- The book's focus on the process of writing is accompanied by an active reading approach. "Strategies for the Active Reader," which begins Part 7, emphasizes the importance of active reading for the developmental writing student. One of the essays, the classic "How to Mark a Book" by Mortimer Adler, makes the case for active reading. Students are encouraged to become more engaged in the texts they are reading and to place more emphasis on their critical thinking skills.
- Twenty-one high-interest essays (Part 7, "Further Readings for the College Writer") support the work of the book. Each reading illustrates a particular rhetorical mode, and is preceded by introductory notes to help students understand and appreciate the background and context. Two sets of questions for each reading guide instructors through classroom work. Questions for Critical Thinking concentrate on the structure of each piece, while Writing in Response stimulates critical reaction to the themes and leads to a number of challenging writing opportunities.
- Five appendices offer a wealth of pertinent and useful reference material, and are especially valuable for speakers of English as a second language. The first appendix deals with specific issues for ESOL, while the others include material on parts of speech, irregular verbs, spelling, and transitions. Together, these sections serve as a resource for students who find themselves in other courses that require coherent writing.
- Students learn early on that writing is a process, engaging from the very start in short skill-building activities that give them opportunities to practice the techniques and concepts taught throughout the book.
- The comprehensive language development section features careful sequencing of topics, building from less complex to more complex concepts as students proceed from nouns and verbs, to phrases and fragments, to coordination and subordination. After absorbing this material, students will be able to discuss, analyze, and edit their own writing, as well as better understand instructors' comments on the papers they submit.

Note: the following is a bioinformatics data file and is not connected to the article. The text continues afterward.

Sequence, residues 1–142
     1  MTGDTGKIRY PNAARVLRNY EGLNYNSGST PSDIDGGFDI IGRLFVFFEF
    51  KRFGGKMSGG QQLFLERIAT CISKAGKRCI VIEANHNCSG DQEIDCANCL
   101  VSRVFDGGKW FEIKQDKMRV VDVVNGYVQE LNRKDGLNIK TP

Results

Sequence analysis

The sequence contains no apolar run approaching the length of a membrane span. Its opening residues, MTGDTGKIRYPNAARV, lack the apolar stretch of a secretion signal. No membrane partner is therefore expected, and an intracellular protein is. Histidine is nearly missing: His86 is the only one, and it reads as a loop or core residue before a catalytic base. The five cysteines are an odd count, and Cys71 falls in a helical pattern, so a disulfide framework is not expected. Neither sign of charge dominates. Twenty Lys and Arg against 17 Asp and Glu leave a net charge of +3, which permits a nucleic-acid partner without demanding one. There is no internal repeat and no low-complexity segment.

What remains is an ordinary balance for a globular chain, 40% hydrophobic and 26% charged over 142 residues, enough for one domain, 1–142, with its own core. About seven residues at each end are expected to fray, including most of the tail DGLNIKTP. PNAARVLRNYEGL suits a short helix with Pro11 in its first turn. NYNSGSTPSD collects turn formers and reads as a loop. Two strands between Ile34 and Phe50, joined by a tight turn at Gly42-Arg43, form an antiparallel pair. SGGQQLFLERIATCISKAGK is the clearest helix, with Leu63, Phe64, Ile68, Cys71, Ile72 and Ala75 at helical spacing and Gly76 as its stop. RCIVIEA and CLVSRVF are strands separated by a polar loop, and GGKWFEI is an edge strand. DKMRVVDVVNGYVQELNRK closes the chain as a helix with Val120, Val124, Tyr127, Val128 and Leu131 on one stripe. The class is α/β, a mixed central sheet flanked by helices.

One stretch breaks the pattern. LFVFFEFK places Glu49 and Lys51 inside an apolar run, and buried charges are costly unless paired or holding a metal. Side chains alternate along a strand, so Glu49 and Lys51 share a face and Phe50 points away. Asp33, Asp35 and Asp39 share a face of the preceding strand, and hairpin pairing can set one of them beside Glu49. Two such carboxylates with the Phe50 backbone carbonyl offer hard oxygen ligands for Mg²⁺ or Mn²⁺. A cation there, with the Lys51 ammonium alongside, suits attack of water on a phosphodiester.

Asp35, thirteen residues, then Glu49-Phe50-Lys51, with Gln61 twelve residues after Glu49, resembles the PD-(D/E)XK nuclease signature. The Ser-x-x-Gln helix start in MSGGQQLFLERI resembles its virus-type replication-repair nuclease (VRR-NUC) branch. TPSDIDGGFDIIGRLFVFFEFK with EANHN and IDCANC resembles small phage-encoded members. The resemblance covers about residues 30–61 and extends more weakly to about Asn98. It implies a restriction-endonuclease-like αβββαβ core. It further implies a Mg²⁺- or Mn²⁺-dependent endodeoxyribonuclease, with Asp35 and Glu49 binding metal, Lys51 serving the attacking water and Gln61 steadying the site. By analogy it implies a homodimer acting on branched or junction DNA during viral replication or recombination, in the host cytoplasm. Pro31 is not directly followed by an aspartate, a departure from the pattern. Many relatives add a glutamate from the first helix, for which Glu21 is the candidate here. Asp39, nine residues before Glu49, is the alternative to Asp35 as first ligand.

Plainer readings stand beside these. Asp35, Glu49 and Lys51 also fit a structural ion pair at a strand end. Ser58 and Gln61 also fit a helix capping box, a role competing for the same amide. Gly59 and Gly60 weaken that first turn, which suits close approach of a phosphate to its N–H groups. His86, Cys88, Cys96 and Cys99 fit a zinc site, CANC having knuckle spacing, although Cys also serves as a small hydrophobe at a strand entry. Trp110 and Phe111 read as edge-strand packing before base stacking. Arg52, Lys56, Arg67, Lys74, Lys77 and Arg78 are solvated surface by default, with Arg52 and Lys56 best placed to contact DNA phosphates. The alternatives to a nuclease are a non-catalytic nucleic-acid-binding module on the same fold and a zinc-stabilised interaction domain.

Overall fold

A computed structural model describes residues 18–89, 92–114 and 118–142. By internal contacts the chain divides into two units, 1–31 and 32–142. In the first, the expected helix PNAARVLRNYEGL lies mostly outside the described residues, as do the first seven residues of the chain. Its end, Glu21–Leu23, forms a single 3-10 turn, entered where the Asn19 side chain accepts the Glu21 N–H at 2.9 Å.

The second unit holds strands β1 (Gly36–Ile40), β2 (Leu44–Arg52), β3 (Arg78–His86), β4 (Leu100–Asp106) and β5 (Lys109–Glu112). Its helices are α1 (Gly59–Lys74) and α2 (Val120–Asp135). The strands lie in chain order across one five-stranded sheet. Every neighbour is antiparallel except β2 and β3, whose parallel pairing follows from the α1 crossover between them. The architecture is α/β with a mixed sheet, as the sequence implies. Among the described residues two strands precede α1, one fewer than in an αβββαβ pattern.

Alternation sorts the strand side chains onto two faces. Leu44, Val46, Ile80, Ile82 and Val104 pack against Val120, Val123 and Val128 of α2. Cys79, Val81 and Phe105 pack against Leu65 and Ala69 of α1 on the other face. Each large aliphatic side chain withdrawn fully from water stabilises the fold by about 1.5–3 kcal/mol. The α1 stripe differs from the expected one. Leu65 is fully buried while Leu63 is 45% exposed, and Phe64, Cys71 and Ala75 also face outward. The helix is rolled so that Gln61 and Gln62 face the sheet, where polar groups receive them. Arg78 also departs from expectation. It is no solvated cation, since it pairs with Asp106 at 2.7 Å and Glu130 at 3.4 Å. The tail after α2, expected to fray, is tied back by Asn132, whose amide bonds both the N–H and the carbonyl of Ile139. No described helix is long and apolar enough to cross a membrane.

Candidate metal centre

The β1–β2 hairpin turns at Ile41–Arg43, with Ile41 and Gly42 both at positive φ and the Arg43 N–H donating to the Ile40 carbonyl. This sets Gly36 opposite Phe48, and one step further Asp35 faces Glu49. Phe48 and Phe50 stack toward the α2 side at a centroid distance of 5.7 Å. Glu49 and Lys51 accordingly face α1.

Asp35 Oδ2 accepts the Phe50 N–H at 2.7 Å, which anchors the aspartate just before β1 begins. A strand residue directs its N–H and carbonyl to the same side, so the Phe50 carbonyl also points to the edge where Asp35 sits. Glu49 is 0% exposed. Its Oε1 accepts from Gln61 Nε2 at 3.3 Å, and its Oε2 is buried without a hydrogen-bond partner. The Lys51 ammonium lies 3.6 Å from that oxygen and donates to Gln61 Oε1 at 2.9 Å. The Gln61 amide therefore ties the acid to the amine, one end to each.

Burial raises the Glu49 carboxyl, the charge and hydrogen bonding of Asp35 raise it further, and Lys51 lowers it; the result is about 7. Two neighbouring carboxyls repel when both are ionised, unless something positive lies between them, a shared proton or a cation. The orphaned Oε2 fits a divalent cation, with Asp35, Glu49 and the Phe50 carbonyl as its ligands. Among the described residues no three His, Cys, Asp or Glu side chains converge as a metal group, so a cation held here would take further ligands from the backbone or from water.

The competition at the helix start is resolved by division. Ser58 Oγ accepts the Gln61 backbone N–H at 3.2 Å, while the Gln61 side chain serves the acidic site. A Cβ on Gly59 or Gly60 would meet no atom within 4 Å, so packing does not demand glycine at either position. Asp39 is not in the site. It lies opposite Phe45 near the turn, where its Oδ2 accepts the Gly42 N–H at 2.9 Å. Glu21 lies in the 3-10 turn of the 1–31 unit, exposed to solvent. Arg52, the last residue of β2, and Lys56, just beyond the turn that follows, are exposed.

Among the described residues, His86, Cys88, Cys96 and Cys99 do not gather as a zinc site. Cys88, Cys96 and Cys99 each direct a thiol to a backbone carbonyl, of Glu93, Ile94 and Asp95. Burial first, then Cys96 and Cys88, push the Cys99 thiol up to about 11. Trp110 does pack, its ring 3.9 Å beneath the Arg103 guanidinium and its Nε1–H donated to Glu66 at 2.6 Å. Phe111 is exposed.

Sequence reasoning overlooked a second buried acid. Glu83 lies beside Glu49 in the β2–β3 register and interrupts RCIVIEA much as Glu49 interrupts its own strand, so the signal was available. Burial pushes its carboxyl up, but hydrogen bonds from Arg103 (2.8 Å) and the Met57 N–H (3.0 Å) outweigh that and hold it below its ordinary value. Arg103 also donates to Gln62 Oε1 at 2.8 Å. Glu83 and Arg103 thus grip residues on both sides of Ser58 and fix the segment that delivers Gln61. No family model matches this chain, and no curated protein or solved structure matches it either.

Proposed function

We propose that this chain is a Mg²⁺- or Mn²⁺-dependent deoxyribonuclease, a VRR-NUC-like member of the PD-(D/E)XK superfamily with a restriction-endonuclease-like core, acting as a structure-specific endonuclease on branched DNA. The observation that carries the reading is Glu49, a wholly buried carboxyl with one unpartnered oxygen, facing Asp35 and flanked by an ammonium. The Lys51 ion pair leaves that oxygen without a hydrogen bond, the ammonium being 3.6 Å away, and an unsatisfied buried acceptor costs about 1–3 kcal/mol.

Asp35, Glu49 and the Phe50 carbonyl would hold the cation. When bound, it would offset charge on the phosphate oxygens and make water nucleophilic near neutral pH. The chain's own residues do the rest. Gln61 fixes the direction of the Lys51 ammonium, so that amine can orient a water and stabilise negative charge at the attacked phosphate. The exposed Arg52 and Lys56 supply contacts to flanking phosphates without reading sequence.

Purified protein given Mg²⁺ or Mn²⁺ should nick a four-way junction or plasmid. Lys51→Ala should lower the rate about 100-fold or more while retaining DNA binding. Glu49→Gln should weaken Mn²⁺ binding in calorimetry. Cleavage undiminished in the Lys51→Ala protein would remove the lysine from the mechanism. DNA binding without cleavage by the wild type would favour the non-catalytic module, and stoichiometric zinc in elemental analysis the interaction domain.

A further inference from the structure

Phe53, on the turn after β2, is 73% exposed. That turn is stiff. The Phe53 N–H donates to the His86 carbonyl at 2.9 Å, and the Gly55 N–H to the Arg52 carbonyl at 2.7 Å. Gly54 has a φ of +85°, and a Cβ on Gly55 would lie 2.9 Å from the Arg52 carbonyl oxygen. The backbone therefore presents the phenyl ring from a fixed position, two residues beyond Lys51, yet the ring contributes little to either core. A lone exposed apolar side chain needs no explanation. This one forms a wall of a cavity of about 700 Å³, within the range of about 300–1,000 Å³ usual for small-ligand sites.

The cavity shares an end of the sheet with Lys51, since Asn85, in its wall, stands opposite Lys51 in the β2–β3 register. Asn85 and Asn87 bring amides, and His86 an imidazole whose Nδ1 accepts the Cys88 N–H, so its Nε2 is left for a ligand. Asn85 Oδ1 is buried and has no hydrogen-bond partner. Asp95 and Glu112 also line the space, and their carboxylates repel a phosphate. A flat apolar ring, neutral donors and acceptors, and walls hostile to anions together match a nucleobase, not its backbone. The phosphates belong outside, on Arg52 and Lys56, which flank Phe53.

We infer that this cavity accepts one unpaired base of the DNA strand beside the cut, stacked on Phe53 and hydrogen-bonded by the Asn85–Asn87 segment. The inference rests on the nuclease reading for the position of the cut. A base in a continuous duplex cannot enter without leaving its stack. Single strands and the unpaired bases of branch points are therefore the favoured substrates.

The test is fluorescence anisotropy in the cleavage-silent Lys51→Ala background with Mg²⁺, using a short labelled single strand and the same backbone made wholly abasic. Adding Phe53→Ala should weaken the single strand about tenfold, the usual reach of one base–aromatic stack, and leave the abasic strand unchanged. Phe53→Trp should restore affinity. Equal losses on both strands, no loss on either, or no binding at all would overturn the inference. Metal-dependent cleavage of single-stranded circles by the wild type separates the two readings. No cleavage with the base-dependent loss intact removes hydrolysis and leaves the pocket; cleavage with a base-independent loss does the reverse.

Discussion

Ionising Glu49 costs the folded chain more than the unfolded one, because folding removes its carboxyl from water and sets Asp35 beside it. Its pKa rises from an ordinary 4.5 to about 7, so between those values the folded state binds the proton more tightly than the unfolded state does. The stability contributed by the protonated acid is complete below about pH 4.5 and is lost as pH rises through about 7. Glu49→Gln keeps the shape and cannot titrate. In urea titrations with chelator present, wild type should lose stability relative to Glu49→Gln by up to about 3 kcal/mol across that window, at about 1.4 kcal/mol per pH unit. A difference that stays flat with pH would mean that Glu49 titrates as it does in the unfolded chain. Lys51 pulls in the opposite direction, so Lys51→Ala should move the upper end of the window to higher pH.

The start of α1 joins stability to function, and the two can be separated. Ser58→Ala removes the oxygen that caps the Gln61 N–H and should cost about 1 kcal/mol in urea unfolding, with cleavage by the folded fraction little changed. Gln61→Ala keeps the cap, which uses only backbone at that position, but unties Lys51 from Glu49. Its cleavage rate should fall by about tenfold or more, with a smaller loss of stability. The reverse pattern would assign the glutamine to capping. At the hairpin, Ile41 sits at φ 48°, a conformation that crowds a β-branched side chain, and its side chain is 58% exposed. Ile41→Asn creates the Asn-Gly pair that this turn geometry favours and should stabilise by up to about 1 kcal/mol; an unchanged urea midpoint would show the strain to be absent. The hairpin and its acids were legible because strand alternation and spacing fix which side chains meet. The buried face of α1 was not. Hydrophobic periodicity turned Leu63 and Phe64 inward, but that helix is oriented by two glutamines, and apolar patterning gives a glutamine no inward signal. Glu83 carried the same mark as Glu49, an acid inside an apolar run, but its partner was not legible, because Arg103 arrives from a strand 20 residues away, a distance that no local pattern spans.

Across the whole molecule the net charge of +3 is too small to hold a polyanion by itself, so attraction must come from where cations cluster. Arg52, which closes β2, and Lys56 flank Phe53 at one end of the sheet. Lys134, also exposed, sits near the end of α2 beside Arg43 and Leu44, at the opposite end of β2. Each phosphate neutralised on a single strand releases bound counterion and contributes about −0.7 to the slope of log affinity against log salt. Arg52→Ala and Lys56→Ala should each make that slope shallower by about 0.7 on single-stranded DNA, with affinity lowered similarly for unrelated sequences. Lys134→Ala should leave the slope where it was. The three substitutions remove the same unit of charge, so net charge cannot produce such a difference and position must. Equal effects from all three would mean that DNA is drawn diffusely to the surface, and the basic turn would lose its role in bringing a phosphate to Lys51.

1. Gathering Ideas for Writing.
Overview of the Writing Process. Journal Writing. Entry from The Diary of Latoya Hunter. Focused Freewriting. Brainstorming, Clustering, and Outlining. Student Essay. Conducting Interviews and Surveys. Working Together: Taking a Survey.
2. Recognizing the Elements of Good Writing.
The Subject: What the Writing Is About. Purpose: The Writer''s Intention. Audience: The Writer''s Intended Readers. Voice: How the Writer''s Attitude is Revealed. Unity: All Parts Relating to the Central Theme. Coherence: Clear and Logical Progression of Thought. Working Together: Knowing Your Audience.
Part II: CREATING EFFECTIVE SENTENCES.
3. Finding Subjects and Verbs in Simple Sentences.
What Is a Complete Sentence? How Do You Find the Subject of a Sentence? How Do You Find the Verb of a Sentence? How Do You Identify the Parts of Speech? Mastery and Editing Tests. Working Together: Crossword Puzzle.
4. Making Subjects and Verbs Agree.
What Is Subject-Verb Agreement? Subject-Verb Agreement with Personal Pronouns. Subject-Verb Agreement with the Verbs Do and Be. Subject-Verb Agreement with Hard-to-Find Subjects. Subject-Verb Agreement with Collective Nouns. Subject-Verb Agreement with Indefinite Pronouns. Subject-Verb Agreement with Compound Subjects. Subject-Verb Agreement with Unusual Nouns. Mastery and Editing Tests. Working Together: Focused Freewriting.